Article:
Earth Notes: Arthropods and Long-Term Climate Change
A rapidly changing climate means there’s no longer a “typical” year on the Colorado Plateau. That’s confirmed by a long-term study of bugs in the Jemez Mountains of New Mexico.
Since 1992, the U.S. Geological Survey, National Park Service and University of New Mexico have been studying ground-dwelling bugs at three different elevations within Bandelier National Monument, in habitats ranging from Pinon-Juniper woodland to mixed conifer forest.
Researchers are using lines of nine-once Dixie cups sunk into the ground as pitfall traps to catch all kinds of arthropods, the scientific term for everything from beetles and spiders, to crickets, scorpions and even mites.
The cups contain non-toxic propylene glycol and act like miniature mausoleums. They drown and preserve any critter that bumbles in—revealing the abundance and species diversity of bugs at each site.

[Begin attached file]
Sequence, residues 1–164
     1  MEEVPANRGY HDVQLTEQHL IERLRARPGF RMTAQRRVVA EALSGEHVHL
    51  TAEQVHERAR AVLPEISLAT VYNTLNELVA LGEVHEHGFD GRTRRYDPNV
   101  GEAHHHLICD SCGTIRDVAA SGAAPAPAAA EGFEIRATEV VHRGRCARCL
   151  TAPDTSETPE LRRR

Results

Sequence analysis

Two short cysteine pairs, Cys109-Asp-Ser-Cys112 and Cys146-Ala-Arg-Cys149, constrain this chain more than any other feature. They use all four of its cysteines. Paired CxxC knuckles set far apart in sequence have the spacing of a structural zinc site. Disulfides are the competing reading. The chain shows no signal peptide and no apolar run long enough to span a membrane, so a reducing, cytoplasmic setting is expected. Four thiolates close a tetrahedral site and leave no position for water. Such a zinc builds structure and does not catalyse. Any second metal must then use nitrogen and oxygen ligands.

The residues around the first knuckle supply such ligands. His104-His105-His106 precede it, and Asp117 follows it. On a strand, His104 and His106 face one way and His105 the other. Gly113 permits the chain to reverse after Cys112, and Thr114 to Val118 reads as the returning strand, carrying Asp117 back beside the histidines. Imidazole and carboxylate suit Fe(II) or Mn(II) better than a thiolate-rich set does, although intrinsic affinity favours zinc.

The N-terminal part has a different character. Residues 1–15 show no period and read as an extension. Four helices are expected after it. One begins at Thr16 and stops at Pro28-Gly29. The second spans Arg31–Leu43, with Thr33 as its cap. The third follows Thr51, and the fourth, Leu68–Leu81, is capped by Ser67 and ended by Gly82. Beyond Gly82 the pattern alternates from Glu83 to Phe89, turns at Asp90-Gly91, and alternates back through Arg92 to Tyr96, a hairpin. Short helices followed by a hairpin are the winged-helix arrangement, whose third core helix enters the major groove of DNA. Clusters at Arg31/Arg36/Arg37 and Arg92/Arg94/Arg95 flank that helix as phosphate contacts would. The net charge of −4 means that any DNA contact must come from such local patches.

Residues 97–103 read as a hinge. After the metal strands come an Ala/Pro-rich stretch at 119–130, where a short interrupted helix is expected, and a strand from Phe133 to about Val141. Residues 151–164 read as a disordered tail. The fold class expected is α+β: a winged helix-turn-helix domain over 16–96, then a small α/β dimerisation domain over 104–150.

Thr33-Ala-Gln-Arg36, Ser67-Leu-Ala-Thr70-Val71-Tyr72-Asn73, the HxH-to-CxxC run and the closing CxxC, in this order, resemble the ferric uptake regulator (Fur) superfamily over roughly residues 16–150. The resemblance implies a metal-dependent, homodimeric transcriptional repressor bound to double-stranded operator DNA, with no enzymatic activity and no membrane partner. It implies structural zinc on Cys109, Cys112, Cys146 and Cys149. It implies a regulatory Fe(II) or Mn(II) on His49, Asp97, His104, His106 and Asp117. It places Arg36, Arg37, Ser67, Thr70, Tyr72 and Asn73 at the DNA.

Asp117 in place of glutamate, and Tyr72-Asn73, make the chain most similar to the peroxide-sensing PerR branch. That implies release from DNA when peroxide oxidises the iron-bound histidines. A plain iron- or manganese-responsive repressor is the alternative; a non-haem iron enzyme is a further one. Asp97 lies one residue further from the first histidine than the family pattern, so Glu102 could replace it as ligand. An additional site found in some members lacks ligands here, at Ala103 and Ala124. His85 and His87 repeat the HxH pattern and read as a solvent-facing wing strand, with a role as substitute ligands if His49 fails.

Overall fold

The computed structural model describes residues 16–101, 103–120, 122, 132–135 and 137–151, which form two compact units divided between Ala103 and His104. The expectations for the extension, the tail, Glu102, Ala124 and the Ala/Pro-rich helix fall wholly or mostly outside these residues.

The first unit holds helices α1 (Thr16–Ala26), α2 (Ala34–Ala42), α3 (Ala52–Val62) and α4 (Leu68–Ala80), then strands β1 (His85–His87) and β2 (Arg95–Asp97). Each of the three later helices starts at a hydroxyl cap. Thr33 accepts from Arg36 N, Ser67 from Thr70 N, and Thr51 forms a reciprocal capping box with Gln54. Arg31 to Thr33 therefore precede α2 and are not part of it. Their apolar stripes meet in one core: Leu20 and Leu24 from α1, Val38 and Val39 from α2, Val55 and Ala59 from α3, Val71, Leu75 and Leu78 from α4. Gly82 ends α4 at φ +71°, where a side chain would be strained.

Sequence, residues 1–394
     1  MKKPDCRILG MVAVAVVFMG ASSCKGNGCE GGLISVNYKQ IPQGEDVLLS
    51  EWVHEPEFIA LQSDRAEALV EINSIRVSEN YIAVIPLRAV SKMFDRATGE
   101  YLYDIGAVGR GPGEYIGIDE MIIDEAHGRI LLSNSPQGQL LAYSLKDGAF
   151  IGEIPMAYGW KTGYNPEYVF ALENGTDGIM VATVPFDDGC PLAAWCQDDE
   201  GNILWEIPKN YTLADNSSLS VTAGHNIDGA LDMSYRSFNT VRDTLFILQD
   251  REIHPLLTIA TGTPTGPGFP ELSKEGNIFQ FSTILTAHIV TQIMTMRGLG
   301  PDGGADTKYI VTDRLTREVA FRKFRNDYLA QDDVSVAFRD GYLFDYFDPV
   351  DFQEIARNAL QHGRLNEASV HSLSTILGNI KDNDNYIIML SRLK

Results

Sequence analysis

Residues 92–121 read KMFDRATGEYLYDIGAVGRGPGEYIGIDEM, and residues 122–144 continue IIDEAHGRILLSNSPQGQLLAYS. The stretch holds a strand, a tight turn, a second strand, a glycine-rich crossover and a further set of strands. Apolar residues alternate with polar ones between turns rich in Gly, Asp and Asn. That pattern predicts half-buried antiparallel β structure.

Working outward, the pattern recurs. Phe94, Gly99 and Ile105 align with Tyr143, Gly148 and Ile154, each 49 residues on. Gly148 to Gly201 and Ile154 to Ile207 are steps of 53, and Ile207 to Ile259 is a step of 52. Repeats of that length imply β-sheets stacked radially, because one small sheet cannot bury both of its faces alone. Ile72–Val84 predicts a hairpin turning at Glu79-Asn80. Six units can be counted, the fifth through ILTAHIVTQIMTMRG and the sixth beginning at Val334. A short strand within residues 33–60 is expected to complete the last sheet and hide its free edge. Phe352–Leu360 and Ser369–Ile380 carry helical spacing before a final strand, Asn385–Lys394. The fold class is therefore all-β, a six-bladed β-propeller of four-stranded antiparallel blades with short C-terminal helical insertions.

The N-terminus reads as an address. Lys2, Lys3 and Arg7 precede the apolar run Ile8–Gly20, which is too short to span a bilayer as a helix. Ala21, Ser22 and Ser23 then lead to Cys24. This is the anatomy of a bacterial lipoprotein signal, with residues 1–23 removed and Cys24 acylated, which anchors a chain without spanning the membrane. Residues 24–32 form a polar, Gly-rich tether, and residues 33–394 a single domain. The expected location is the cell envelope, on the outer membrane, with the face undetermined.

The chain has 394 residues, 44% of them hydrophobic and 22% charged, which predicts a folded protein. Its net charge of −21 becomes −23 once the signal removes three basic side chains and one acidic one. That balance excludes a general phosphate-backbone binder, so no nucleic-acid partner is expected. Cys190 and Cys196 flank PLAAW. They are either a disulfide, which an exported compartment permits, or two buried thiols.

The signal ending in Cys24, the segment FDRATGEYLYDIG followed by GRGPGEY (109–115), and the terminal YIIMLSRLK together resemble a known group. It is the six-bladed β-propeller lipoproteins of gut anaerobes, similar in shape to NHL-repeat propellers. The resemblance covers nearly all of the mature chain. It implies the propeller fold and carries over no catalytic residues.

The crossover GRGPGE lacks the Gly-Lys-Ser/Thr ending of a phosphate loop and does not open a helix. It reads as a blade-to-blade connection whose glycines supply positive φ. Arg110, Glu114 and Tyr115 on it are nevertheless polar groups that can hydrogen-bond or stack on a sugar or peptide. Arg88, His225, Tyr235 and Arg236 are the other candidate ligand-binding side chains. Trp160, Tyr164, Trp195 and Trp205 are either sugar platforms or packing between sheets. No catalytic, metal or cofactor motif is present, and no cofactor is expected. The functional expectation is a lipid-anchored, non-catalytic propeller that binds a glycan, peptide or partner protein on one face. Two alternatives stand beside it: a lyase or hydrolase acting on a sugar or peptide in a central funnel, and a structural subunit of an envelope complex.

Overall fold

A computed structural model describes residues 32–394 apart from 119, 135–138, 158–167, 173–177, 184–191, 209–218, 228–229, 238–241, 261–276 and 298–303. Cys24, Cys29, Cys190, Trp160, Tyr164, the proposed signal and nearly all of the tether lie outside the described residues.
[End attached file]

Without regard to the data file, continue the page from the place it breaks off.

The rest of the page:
David Lightfoot, with the University of New Mexico, says the trend to warmer and drier conditions with more variable precipitation is clearly affecting bug populations.
Lower elevation arthropods are better adapted to varying rainfall than their loftier cousins, making them more able to survive continued episodes of warming and drying. By contrast, higher elevation bugs are less responsive to warmer temperatures, variable precipitation and lower snow pack.
That likely spells sad news for flightless mountain-top arthropod species. Many of these residents of the last Ice Age may go extinct in the next 100 years as their lower elevation relatives move in.